Symptom Expression Across Voiced Speech Sounds in Adductor Laryngeal Dystonia

Published:November 21, 2022DOI:



      Differential diagnosis for adductor laryngeal dystonia (AdLD) is often carried out by comparing symptom expression during sentences with either all voiced or voiced and voiceless consonants. However, empirical research examining the effects of phonetic context on symptoms is sparse. The purpose of this study was to examine whether symptom probabilities varied across voiced speech segments in an all-voiced sentence, and whether this variability was systematic with respect to phonetic features.


      Eighteen speakers with AdLD read aloud a sentence comprised entirely of voiced speech sounds. Speech segment boundaries and AdLD symptoms (phonatory breaks, frequency shifts, and creak) were labeled separately, and speech segments were coded as symptomatic or asymptomatic based on their temporal overlap. Generalized linear mixed effects models with a binomial outcome variable were used to compare the probability of symptom expression across: 1) all speech segments in the sentence, and 2) four speech sound classes (vowels, approximants, nasals, and obstruents).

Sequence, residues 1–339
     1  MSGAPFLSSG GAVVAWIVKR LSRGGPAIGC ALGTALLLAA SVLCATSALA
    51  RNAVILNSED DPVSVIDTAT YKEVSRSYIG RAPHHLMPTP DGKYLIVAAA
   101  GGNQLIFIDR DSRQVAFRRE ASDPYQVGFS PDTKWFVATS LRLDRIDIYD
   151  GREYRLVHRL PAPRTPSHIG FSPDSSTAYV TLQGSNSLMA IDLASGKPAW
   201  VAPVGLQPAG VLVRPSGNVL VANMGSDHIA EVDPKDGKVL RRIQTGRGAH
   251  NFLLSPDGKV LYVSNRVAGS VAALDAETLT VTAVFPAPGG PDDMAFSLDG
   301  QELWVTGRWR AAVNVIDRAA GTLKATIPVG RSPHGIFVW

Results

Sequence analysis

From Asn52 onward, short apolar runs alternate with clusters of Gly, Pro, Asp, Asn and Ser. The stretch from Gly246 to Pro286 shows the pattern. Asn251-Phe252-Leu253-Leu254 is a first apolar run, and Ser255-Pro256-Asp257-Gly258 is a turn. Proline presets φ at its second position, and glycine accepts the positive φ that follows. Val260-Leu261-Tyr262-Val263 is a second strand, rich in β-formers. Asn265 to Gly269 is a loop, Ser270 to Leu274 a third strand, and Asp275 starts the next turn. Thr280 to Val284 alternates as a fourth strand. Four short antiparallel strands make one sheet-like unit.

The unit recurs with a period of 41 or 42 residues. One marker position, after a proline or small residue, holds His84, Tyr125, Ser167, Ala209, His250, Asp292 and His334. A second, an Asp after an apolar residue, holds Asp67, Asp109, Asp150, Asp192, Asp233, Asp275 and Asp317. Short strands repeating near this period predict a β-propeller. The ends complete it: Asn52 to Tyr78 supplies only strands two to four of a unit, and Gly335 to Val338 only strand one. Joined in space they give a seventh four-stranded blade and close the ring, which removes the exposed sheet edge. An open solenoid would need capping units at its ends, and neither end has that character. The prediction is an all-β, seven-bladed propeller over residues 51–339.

Significant symptom variability was found across voiced speech segments in the sentence. Furthermore, the estimated probability of a symptom occurring on vowels and approximants was significantly greater than that of nasals and obstruents.


      These results indicate that AdLD symptoms are not uniformly distributed across voiced speech segments with systematic variation across speech sound classes.To explain these findings, future work should investigate how the complex interactions between the vocal tract articulators and glottal configurations may influence symptom expression in this population.

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